Friday, March 02, 2007

N.J. anglers now have seven weeks less to catch bigger fluke

By RICHARD DEGENER Staff Writer, (609) 463-6711 (Published: March 2, 2007) GALLOWAY TOWNSHIP — Summer flounder anglers will have to land larger fish this year, and they will have much less time to do it.That decision was made Thursday night as the New Jersey Marine Fisheries Council unanimously approved new regulations for the popular flatfish, also known as fluke.The council, facing a mandate from the federal government to reduce state landings by almost 40 percent in 2007, voted to increase the minimum size from 16.5 inches to 17 inches. It also voted for a season that runs from May 26 to Sept. 10. Anglers will lose almost three weeks in the spring and almost one month in the late summer and early fall. Last year the season ran from May 6 through Oct. 9.The council did decide to leave the daily bag limit of eight fish per angler, per day, alone. It would be a fishing day for the ages to land eight fluke that are all at least 17 inches long.“Ladies and gentlemen, have the best season you can have,” Council Chairman Gil Ewing said as more than 100 unhappy anglers shuffled out of the room at the Galloway Township Library.For many anglers, the only way to feel good about the cutbacks was to look at measures the neighboring states are facing. They are more drastic. Recreational fishermen in New Jersey get the largest share of the East Coast fluke quota, 39.2 percent, but neighboring states want some of New Jersey's quota. It won't happen this year, but could be on the table for 2008.

The council had four options, and while its vote was 9-0 for the 17-inch keeper fish and a season from May 26 to Sept. 10, the crowd was not unanimous. Many pushed for a 17.5-inch minimum and a season that runs from April 7 to Oct. 21.These two options were the main picks of the four on a Web site poll conducted by the state Division of Fish and Wildlife that had 3,600 responses in 48 hours.

Surf fishermen pushed for the option with a 17.5-inch fish and longer season.“We don't see fish showing up in the surf until the middle to the end of September, and the fish are larger fish,” said Michael Tutela, a member of a fishing club in Seaside Park.

Backbay anglers and those who rent boats to them or sell them bait and tackle were also concerned. Fluke tend to be smaller in the backbays. Mars Anagnou, of Dad's Place Marina in North Wildwood, does all of these things.“I'm open six months a year, and I'm open because of flounder,” Anagnou said. “You're cutting my business by one third.”Fred Uhlman, who rents boats out of Wildwood, said older fishermen, children, kayakers and others who fish the backbays because they don't want to go out in the ocean are being penalized.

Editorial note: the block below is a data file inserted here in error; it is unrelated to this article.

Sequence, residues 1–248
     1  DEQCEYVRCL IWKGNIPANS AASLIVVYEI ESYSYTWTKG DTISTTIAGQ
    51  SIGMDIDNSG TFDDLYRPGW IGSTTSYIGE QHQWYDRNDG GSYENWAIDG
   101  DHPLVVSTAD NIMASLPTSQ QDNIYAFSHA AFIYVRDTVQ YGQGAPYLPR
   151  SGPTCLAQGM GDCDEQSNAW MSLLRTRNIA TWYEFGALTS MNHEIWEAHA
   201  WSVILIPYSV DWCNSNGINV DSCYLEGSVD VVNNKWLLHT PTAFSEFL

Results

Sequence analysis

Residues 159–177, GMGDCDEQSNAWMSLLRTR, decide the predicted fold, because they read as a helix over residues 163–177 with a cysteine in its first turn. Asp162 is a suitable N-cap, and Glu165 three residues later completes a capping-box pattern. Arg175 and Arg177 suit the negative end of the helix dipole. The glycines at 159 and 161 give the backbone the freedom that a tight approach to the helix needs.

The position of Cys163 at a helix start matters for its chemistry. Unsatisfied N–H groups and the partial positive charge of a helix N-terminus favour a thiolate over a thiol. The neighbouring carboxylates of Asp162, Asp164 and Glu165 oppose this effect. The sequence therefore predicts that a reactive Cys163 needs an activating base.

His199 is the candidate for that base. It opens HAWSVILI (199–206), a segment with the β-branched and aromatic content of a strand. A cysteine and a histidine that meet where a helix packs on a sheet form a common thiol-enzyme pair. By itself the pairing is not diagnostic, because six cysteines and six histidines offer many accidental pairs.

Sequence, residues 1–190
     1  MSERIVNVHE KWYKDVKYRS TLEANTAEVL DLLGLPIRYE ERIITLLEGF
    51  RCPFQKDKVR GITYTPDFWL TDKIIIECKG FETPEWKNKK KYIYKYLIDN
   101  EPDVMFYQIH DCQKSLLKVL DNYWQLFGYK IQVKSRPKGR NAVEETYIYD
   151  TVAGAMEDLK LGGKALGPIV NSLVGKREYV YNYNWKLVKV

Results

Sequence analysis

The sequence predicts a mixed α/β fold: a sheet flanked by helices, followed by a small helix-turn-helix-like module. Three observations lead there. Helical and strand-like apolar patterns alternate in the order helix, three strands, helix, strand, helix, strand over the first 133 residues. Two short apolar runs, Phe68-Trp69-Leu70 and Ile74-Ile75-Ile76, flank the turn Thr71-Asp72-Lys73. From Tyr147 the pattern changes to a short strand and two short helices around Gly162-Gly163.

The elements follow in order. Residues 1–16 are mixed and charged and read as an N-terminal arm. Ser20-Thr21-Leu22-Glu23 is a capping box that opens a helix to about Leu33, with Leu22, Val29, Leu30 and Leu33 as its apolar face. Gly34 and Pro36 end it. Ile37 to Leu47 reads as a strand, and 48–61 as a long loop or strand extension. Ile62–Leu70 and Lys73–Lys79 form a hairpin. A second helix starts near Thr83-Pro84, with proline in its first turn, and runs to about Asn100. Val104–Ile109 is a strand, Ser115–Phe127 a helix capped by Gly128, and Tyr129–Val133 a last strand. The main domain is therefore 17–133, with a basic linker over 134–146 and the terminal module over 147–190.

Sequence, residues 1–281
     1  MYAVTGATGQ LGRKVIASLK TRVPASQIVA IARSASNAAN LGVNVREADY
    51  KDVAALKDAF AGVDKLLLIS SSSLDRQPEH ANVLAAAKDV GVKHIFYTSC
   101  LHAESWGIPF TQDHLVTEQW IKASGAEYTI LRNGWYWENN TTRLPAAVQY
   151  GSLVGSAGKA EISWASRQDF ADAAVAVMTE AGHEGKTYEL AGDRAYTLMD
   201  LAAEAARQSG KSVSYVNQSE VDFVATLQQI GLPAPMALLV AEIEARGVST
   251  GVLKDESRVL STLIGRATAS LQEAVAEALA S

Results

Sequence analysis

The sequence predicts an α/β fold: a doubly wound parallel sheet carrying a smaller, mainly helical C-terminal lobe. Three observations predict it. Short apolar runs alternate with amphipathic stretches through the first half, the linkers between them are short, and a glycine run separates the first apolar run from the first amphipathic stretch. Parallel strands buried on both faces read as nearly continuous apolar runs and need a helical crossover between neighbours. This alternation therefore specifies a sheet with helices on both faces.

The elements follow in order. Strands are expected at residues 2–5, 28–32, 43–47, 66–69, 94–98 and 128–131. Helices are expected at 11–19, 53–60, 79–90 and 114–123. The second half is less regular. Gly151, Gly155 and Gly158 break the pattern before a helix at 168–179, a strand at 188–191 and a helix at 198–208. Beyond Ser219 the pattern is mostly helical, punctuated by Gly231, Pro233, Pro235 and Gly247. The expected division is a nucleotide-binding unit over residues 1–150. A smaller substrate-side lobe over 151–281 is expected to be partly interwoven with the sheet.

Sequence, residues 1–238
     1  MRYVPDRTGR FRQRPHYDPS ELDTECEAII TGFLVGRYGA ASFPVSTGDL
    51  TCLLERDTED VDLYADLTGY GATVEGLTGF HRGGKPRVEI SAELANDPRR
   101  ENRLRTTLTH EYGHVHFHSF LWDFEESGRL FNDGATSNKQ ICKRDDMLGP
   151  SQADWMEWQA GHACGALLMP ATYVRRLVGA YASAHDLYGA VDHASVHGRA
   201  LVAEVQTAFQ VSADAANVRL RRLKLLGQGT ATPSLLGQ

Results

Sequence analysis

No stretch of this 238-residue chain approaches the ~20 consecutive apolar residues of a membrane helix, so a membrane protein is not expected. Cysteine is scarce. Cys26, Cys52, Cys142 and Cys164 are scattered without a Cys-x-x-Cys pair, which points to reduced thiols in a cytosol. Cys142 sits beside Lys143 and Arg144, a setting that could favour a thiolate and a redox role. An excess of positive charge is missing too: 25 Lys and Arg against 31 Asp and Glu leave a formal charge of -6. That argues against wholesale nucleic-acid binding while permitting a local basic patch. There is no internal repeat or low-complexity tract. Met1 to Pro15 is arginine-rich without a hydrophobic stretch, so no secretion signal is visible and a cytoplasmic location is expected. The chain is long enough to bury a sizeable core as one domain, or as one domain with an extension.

“The new size limits leave no chance of catching smaller backbay fish. People who rent a boat want to go in the backbay and catch a fish and eat it. With the size limit, they can't,” Uhlman said.One concern about allowing a larger fish is it could lead to exceeding the weight limits and lead to further cuts in 2008. This has happened in New York. Several anglers supported the 17-inch fish because of this.Some didn't mind losing April fluke fishing, while others were angry about it.“I catch the biggest fish I've ever caught in April,” said John J. Hern, of North Wildwood.Lou Schott, an angler out of Absecon, pushed for the option that allowed fishing in April. Down the coast, in Ocean City, charter boat captain Norman Hafsrud, had a different viewpoint.“That early in April, I never have any fish. Maybe somebody does, but not me,” he said.Many who make a living catering to fluke anglers wanted the season to include as many of the big holiday weekends as possible. The season chosen has Memorial Day and July 4 but not Labor Day. Every option had a price.“These are four awful options by any stretch of the imagination,” said Patrick Donnelly, a member of the council. “That being said, they are the four best of the worst on the East Coast. It looks pretty darn good in relation to what's happening around us.”

Some states are looking at a 19-inch minimum fish size to meet the federal cutbacks.Many had issues with what the regulations are intended to do, which is to rebuild the fluke stock and came about when environmental groups sued for the cutbacks. A brewing controversy is that a recent trawl survey showed most fluke over 16 inches are females.“We're catching the females and throwing back the males. I don't see how these fish spawn,” Ewing said.Ed Coleman, a mate on a 20-foot Raritan Bay boat, said the larger fish size will result in his taking chances by leaving the bay.

“Now we have to go offshore and fish deeper channels. We have to look for bigger fish now, and sometimes that means going where we shouldn't go,” Coleman said.Ray Bogan, an advisor to the council, said statistically most fish caught are 15 to 15.5 inches. He said all the options are bad, but he pushed for the one council finally adopted.Some anglers wanted management measures that were not on the table. One would split the fishing season. Fluke fishing would be allowed early, then closed, and then open back up. Others wanted a larger fish but the option of closing the season early if totals were getting too high.

John Toth, president of the Jersey Coast Anglers Association, or JCAA, pushed for the option that was adopted but wanted surf anglers to be allowed one fish per day through September.David Showell, of Absecon Bay Sportsman's Center, added about the only optimism to the arguments of the 40 or so fishermen who spoke. Showell said fluke seem to be getting bigger. He said maybe the cutbacks will turn into a success story some day.

“I hope at the end of the rainbow there is a payoff,” Showell said.To e-mail Richard Degener at The


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